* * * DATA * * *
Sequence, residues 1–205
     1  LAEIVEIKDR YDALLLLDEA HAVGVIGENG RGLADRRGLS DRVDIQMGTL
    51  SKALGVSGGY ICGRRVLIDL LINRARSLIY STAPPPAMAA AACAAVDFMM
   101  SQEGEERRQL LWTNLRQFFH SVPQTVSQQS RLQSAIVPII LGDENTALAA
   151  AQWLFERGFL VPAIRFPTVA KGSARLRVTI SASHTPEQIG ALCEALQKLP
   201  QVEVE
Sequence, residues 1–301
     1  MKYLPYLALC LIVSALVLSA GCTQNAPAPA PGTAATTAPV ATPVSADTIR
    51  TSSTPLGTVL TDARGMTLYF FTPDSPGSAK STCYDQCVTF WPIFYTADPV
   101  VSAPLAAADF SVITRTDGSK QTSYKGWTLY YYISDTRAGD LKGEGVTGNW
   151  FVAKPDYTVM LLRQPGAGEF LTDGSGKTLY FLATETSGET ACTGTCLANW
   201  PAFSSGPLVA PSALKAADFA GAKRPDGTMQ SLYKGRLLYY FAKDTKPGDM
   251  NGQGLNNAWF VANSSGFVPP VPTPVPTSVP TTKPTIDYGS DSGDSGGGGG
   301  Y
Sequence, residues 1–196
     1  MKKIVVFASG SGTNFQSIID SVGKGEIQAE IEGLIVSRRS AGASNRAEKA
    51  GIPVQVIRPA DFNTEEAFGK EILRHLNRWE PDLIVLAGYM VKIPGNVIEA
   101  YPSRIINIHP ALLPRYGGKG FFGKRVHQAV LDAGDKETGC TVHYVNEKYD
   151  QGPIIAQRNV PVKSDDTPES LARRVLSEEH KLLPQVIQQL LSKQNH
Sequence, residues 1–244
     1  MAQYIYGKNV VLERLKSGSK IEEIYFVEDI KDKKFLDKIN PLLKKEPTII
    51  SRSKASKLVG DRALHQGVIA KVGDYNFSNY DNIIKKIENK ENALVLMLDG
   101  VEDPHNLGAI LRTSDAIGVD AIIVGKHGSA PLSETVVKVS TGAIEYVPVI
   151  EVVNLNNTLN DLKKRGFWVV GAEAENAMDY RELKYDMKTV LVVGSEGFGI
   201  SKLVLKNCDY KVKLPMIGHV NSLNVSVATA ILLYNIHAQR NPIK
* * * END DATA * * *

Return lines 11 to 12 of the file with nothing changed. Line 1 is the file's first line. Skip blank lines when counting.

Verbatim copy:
   151  FVAKPDYTVM LLRQPGAGEF LTDGSGKTLY FLATETSGET ACTGTCLANW
   201  PAFSSGPLVA PSALKAADFA GAKRPDGTMQ SLYKGRLLYY FAKDTKPGDM